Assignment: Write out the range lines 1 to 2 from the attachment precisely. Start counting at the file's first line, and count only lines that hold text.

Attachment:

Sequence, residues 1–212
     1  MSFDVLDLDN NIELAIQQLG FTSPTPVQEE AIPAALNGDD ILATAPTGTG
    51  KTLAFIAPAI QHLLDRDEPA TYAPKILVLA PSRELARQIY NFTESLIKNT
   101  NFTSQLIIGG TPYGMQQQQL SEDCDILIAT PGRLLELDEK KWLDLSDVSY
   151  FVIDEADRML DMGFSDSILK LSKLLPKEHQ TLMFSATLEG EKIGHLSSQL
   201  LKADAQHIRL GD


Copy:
Sequence, residues 1–212
     1  MSFDVLDLDN NIELAIQQLG FTSPTPVQEE AIPAALNGDD ILATAPTGTG